Pieces People Ask For/Because
"Now, John," the district teacher says,
With frown that scarce can hide
The dimpling smiles around her mouth
Where Cupid's hosts abide;
"What have you done to Mary Ann,
That she is crying so?
Don't say 'twas nothing,—don't, I say,
For, John, that can't be so.
"For Mary Ann would never cry
At nothing, I am sure;
And if you've wounded justice, John,
You know the only cure
Is punishment. So come, stand up;
Transgressions must abide
The pain attendant on the scheme
That makes it justified."
So John steps forth, with sunburnt face
And hair all in a tumble,
His laughing eyes a contrast to
His drooping mouth so humble.
"Now, Mary, you must tell me all,—
I see that John will not,—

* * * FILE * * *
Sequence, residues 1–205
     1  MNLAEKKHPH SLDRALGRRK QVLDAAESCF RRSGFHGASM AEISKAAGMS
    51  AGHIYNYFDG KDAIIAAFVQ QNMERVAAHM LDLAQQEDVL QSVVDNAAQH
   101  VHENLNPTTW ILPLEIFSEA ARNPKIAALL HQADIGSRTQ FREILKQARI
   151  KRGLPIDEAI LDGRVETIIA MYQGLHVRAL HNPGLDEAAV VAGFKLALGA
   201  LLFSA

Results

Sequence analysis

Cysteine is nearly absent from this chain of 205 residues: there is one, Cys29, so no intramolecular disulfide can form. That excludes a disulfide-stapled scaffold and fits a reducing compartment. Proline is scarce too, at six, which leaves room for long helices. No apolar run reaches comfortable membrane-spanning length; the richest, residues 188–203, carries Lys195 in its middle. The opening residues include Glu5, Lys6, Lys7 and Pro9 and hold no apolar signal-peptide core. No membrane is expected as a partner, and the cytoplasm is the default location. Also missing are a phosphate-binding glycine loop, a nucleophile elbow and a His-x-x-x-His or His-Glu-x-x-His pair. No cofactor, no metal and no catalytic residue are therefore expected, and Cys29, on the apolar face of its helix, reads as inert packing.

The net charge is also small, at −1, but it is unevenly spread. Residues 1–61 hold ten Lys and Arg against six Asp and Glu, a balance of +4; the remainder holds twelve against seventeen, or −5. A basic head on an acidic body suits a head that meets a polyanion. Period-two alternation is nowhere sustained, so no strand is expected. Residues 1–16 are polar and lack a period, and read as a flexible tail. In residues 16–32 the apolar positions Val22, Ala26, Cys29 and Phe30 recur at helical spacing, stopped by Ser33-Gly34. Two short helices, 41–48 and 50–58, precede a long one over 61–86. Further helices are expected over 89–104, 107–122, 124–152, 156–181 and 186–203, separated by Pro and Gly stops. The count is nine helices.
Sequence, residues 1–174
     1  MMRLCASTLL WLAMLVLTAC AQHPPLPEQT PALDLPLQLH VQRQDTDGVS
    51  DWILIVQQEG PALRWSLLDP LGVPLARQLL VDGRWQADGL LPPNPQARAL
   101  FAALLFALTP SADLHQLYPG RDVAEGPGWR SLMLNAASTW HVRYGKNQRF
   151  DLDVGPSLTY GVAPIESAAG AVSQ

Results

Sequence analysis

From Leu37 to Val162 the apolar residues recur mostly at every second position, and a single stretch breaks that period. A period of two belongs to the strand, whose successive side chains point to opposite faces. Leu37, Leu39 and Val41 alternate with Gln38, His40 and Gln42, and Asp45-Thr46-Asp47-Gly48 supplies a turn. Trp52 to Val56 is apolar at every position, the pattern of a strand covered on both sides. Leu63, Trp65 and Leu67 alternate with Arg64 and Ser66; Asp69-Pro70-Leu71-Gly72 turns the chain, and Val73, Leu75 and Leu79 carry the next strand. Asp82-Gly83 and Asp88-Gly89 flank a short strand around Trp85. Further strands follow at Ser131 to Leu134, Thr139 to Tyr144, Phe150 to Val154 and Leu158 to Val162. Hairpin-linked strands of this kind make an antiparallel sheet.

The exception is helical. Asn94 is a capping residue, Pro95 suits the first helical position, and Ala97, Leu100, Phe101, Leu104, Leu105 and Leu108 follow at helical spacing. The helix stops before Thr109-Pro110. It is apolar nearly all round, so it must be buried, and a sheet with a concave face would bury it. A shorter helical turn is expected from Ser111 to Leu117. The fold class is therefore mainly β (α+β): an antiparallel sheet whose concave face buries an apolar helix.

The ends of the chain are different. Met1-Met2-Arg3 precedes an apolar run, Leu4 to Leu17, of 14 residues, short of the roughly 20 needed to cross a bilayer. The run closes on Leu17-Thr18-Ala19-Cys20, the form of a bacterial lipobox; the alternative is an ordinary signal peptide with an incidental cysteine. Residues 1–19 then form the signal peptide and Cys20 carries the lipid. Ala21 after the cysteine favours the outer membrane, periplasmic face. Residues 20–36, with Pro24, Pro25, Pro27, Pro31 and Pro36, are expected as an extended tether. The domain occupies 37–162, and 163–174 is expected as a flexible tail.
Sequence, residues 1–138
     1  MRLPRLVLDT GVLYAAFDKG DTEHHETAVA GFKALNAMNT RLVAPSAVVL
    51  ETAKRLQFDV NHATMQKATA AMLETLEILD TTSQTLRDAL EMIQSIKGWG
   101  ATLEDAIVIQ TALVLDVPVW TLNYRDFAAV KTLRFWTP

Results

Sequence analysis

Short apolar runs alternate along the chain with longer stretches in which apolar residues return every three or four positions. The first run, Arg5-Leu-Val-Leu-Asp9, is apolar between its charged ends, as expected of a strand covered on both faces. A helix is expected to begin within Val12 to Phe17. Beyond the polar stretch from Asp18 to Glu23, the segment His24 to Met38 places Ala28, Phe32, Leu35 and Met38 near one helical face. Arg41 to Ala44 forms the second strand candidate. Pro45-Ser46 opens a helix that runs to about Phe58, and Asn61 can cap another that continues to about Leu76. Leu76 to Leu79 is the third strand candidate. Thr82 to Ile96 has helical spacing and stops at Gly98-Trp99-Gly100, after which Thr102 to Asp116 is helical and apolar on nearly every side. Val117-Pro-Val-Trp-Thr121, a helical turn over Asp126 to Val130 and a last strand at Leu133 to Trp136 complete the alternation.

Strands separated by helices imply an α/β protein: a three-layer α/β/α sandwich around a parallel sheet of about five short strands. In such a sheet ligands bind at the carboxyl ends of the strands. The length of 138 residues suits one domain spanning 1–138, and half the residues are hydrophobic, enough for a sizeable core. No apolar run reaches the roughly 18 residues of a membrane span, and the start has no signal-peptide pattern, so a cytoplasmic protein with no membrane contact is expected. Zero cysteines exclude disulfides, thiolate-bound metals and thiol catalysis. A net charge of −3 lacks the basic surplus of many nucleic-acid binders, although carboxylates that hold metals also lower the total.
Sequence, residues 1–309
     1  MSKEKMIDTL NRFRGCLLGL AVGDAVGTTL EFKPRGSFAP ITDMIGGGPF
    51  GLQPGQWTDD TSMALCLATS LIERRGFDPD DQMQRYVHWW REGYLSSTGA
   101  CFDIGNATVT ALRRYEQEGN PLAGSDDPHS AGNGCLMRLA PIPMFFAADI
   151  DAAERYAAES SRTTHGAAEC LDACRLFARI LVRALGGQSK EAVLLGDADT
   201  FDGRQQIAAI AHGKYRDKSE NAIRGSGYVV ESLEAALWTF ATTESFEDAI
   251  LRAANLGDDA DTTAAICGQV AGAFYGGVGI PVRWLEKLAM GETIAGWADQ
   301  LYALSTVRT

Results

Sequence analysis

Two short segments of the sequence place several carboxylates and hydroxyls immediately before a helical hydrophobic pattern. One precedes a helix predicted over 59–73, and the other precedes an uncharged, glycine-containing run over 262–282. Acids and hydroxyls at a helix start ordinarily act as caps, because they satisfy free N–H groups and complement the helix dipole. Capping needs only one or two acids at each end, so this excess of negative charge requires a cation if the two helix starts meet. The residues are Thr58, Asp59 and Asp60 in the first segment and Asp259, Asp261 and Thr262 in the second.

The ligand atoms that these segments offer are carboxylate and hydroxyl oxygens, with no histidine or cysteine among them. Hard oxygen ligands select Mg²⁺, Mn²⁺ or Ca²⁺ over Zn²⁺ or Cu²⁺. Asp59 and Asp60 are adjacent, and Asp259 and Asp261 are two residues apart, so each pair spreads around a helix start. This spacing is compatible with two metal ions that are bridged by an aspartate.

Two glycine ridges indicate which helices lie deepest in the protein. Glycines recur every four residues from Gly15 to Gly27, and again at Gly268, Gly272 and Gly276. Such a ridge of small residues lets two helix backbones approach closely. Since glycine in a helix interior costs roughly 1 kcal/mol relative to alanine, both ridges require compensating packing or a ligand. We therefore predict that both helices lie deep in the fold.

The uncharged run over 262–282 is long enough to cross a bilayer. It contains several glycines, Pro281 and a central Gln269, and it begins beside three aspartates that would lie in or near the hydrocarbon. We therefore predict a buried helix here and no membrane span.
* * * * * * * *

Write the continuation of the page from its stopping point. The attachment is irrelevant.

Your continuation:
And if he's been unkind or rude
I'll whip him on the spot."
"We—we were playin' p-prisoners' base,
An' h-he is s-such a t-tease,
An' w-when I w-wasn't l-lookin', ma'am,
H-he kissed me—if you please!"
Upon the teacher's face the smiles
Have triumphed o'er the frown,
A pleasant thought runs through her mind,
The stick comes harmless down.
But outraged law must be avenged:
Begone, ye smiles, begone!
Away, ye little dreams of love!
Come on, ye frowns, come on!
"I think I'll have to whip you, John:
Such conduct breaks the rule;
No boy, except a naughty one,
Would kiss a girl—at school."
Again the teacher's rod is raised,
A Nemesis she stands:
A premium were put on sin,
If punished by such hands!
As when the bee explores the rose
We see the petals tremble,
So trembled Mary's rosebud lips;
Her heart would not dissemble.
"I wouldn't whip him very hard,"—
The stick stops in its fall,
"It wasn't right to do it, but
It didn't hurt at all."
"What made you cry, then, Mary Ann?"
The school noise makes a pause,
And out upon the listening air
From Mary comes, "Because."